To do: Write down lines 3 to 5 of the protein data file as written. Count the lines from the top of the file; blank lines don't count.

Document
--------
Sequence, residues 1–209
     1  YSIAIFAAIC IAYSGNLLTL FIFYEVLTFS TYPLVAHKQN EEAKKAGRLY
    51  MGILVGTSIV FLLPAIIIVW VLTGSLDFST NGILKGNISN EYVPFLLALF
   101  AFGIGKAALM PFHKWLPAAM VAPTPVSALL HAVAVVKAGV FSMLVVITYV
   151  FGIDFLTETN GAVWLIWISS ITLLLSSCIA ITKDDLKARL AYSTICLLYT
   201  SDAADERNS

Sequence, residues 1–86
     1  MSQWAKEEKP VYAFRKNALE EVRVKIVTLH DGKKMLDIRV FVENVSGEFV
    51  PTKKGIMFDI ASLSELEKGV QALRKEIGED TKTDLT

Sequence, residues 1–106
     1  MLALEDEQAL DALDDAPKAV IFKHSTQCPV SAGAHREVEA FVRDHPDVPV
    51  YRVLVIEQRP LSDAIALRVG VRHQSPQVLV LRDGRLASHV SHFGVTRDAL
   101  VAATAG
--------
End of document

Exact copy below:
    51  MGILVGTSIV FLLPAIIIVW VLTGSLDFST NGILKGNISN EYVPFLLALF
   101  AFGIGKAALM PFHKWLPAAM VAPTPVSALL HAVAVVKAGV FSMLVVITYV
   151  FGIDFLTETN GAVWLIWISS ITLLLSSCIA ITKDDLKARL AYSTICLLYT